Mind you, I don’t know anyone who grew up in a Gaeltacht, so I can’t really generalise about your husband’s experience here 😉 But the above applies for most everyone who grew up in english-speaking parts of the republic.
Ah, the DIngle Peninsula! You’re making me miss the endless spit of beach at Inch.
I think that the only hope for the Irish language is for it to grow steadily more fashionable. You can already see that happening with signs in bars and restaurants, and with the upper middle classes turning Irish-language schools into status schools.
It’s interesting to compare the situations of Welsh and Irish. Irish is compulsory in schools, badly taught, and spoken by a shrinking minority; Welsh is not compulsory in schools and yet is growing and thriving. Why is that? I don’t know, but it seems to indicate that compulsory learning of the language, while there may be arguments for it, is not *necessarily* the way to preserve it.
Thanks for the comments, guys. David, thanks especially for the clarification on the working language issue; I hadn’t fully grasped that.
Irish is definitely a chi-chi status thing in the upper middle classes, as I found out when I went to UCD. I spoke fluent Munster Irish back then and the _blas_-free, trendy Blackrock Irish used to drive me nuts. “Yeah, roiysh, go n-eiri an bothar leat, okay?” 🙂
All-Irish schools do fabulously well, which simply demonstrates that the best predictors for academic success are parental attititudes and a motivated peer group. I wish them luck, and wish I knew how to bring that sense of purpose to language teaching in all-English schools. I was lucky enough to have a wonderful Irish teacher, who made sure that Liam O’Flaherty’s _Dúil_ is still my favourite book of short stories in any language.
Amy, Good luck with your efforts teaching your kids Irish! It might be worth sending them to Irish college (language camp) for a few weeks when they’re older. I never went, and still regret missing out on the formative experience of first snogs at a céilí.
As for your husband: I think it’s common for some emigrants to want to forget Irish heritage as part of the assimilation process. I certainly did at one point, and I see it strongly in others now. Judging from previous generations, they change their minds in their seventies!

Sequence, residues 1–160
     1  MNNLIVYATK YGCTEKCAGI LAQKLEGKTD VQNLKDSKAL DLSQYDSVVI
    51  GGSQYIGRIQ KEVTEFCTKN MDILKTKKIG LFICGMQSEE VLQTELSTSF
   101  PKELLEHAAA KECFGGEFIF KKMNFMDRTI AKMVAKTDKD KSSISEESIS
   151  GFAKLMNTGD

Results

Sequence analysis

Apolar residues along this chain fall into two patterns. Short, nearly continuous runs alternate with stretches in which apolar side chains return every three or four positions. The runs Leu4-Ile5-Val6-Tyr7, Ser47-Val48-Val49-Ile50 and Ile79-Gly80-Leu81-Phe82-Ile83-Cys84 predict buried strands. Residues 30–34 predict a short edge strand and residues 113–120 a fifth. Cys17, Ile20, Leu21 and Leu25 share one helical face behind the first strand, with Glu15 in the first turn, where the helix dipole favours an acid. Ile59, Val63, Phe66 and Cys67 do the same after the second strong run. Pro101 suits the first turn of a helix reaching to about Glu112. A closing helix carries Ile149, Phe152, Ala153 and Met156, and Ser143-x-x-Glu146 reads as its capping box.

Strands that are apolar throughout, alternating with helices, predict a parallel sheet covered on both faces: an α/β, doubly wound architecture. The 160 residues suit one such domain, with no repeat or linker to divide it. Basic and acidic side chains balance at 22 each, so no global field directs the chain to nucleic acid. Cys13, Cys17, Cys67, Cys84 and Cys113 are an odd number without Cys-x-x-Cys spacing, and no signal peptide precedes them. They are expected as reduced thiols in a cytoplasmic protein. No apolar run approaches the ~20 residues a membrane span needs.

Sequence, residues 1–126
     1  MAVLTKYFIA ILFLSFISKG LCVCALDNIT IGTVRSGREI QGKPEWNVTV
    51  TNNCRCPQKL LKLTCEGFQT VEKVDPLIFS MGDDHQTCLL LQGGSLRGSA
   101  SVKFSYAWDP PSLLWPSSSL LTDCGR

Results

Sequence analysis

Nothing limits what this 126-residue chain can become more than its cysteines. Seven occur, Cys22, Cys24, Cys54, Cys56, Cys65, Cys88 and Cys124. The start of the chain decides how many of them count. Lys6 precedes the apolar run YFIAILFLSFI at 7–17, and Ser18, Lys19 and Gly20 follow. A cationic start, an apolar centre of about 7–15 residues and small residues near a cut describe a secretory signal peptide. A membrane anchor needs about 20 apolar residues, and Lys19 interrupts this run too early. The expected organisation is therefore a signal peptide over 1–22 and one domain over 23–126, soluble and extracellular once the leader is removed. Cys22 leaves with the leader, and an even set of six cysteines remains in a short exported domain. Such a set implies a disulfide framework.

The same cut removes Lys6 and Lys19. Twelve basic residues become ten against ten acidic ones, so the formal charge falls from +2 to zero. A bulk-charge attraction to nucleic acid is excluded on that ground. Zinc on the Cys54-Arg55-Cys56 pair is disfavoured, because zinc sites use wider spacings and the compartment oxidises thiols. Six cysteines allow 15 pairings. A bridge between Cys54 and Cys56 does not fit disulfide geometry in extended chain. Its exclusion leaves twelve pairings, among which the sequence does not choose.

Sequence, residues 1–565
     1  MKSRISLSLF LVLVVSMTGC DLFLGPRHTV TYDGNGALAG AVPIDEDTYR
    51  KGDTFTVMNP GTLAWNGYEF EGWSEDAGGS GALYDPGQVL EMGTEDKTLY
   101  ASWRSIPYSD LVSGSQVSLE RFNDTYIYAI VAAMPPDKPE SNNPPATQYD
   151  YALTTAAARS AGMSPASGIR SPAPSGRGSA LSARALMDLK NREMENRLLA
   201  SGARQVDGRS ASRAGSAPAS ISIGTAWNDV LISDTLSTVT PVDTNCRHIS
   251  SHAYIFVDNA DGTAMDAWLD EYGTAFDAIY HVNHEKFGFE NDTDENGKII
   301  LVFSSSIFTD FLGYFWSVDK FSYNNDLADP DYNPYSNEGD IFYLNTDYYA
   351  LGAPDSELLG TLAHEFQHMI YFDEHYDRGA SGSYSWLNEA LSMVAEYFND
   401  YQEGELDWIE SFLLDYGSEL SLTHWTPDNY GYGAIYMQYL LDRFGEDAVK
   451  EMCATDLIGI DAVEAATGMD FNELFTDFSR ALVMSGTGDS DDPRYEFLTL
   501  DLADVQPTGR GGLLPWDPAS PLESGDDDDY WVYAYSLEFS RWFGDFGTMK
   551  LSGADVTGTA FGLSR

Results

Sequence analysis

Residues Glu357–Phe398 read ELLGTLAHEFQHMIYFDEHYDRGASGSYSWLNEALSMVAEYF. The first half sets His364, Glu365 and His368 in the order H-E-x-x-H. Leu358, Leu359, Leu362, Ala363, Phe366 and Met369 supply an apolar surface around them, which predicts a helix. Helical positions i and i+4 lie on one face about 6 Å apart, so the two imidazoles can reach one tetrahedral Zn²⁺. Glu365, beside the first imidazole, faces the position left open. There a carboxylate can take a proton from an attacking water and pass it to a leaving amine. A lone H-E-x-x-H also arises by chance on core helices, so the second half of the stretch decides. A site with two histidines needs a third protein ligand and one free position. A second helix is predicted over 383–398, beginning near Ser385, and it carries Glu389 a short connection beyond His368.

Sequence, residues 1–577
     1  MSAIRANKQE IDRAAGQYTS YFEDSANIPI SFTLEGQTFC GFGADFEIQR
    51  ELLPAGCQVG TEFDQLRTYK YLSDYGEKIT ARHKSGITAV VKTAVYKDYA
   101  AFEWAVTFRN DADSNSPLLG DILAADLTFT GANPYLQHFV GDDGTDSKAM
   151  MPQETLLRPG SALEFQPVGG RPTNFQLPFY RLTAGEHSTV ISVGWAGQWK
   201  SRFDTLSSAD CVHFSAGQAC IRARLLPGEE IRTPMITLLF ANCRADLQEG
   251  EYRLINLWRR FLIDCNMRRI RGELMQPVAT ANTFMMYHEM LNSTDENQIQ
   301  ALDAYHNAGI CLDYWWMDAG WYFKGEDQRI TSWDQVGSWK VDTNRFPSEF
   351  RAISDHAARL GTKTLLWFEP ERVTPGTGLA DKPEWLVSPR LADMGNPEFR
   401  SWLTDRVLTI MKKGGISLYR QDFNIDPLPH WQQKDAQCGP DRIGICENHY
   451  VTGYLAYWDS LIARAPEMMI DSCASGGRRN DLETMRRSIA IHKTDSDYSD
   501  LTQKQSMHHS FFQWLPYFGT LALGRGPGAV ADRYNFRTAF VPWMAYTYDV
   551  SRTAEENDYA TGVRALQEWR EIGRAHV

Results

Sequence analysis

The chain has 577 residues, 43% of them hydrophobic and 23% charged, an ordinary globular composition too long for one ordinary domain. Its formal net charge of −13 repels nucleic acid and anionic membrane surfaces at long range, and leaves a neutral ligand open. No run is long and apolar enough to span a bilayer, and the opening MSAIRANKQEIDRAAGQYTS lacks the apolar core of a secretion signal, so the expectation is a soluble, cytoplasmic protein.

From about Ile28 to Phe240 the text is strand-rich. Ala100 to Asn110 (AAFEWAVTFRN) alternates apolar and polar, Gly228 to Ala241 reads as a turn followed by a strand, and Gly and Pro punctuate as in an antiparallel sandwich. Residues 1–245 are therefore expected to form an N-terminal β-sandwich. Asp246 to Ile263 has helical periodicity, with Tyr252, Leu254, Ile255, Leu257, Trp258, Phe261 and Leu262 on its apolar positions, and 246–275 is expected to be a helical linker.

When I was in secondary school in late 60’s, early 70’s, Irish music, dancing and culture were all as uncool as uncool can be. An offer from the Irish teacher to organise uileann pipe lessons was laughed out of class. Irish was the province of repressive religeous, republican, anti-British pointy headed bigots. And this was in a relatively liberal Catholic boys school.
Suddenly Irish music became cool; Planxty, Horslips, ets.
Ten years ago the dubious Mr. Flatley made Irish dancing cool.
The time for then Irish language may be coming.
Knowing the contrary Irish psyche, the best way to restore it would be to ban it.
Thanks for the lessons
Ive wanted to know the language for twenty years. consider that my granma told me “An dock and doris to ye” was what you said on new years , when every one left…… a Parting Glass?
Still clueless, searching….bw
I learned Middle English so that I might read Chaucer, both in and from books. I learned Old English so that I might read Beowuld, both in and from books. I read neither aloud now. I can’t read either in books. I learned them both to teach them in universities. I wasted a lot of time. Probably irrelvevant. Yeah, probably irrelevant.
What your grandma said was ‘deoch an dorais’ which phonetically is ‘juck un durish’ (or sounds slightly similiar to that). ‘Deoch an dorais’ literally means ‘drink of the door’ which means to have one last drink before everyone departs. There is a similar phrase in English: One for the road. I hope that helps. Slán go fóill.